It wasn’t an easy hike since there was a lot of elevation gain, but they were troopers and we made it to the top. It had rained the day before so I was worried that it would be overcast, but instead we got lucky and were treated to a gorgeous view of the city from the top.
In 2017 I saw a news article that said Canada would be celebrating its 150th anniversary and as part of the celebration they’d be giving out national park passes. My buddy Tim and I flew out to Calgary, rented a car, and road tripped through Banff, Jasper, Glacier, and Revelstoke. The Canadian national parks did not disappoint. Lake Louise and Moraine Lake (pictured here) are some of the most beautiful lakes I’ve ever seen.
But sometimes it’s the unplanned and unexpected moments that you remember most. We ended up in a tiny town called Golden for the 150th anniversary celebration, sitting on the banks of a river watching the fireworks. I guess because the town was so small we essentially had front row seats, and even though the town was so small the fireworks were huge.
In early 2017 I traveled to eastern Europe. I flew into Vienna, Austria and took trains through Ljublana, Slovenia to Zagreb, Croatia. From Zagreb I rented a car and drove across all of Croatia to Dubrovnik. Since it was a one way car rental I rented the cheapest car I could find, a tiny Skoda hatchback, but it was still expensive. But the car gave me freedom, and it allowed me to meet up with my cousin’s family who were traveling through eastern Europe on a Korean package tour. Dubrovnik is an amazingly beautiful city, and the fortress walls were cool, but hiking up to Fort Imperial and seeing the walls of Dubrovnik from above was even better.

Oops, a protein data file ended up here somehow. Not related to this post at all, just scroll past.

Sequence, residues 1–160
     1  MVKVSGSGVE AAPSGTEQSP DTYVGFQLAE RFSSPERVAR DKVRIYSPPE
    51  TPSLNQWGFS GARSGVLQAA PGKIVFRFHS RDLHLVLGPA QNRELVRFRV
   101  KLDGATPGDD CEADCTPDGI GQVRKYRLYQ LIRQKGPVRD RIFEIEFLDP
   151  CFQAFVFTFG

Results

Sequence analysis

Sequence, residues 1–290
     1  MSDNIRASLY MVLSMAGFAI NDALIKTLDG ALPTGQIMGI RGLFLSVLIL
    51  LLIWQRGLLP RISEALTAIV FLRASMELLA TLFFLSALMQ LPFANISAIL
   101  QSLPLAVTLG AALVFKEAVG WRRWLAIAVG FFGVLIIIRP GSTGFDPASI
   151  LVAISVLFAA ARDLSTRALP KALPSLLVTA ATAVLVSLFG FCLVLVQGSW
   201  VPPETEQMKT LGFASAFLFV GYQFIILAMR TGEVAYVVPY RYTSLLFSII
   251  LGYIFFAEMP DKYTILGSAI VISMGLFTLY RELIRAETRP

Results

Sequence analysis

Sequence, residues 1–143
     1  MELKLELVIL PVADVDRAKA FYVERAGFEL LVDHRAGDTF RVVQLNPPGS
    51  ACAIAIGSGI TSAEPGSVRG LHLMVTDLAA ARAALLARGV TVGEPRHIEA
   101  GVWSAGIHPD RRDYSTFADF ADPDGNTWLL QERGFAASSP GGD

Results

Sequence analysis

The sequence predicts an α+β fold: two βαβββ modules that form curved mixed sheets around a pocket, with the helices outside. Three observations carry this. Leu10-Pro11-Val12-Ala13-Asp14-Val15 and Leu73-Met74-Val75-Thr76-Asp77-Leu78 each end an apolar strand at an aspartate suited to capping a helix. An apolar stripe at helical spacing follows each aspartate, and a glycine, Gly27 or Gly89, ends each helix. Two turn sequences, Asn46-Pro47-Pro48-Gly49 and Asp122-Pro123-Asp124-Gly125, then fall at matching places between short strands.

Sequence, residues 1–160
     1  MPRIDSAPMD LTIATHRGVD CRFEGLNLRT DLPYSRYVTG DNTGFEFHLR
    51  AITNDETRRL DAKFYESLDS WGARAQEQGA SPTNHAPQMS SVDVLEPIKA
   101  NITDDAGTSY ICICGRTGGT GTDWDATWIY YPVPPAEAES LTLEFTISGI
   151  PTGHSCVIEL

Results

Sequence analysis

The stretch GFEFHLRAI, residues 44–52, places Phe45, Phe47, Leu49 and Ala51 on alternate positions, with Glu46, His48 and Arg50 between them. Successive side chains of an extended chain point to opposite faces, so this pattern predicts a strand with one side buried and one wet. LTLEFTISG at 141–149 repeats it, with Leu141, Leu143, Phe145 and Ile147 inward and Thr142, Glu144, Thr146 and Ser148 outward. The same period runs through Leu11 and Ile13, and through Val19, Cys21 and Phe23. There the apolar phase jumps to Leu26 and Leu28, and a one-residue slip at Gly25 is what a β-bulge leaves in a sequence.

In fall of 2015 I hiked about half of the John Muir Trail with my friend Tao. He had permits for the entire trail, and started in Yosemite. I met him at Muir Trail Ranch, one of his resupply points about a hundred miles south of Yosemite. My first few days on the trail were rough. Having spent a week on the trail already, Tao was already acclimated to the altitude and daily mileage but I was struggling due to the altitude.
Each day we’d wake up super early, and get over a mountain pass and hike back down into a valley. The first couple of passes were at about 10,000 feet. They progressively got tougher. Mather Pass was I think the 3rd one I had to get over, and I was just about reaching my breaking point. The pass was 12,100 feet and it felt like a ridiculously long and painful grind to get to the top of it. I don’t swear all that much, but I remember distinctly thinking, “What the FUCK am I doing here?!” as I looked around from the top of the pass and saw nothing but mountains in every direction. Even if I wanted to quit and give up on the idea of hiking the JMT I would need to get over at least one of these 12,000 foot passes to even get out of here.
It’s a funny thing though, once I resolved myself to my fate it didn’t seem quite as bad. Over the next few days we’d get over 3 more of these passes — Pinchot Pass, Glenn Pass, and Kaersarge Pass. All of them were hard but towards the end the altitude acclimation kicked in I guess so I was actually able to enjoy the hike.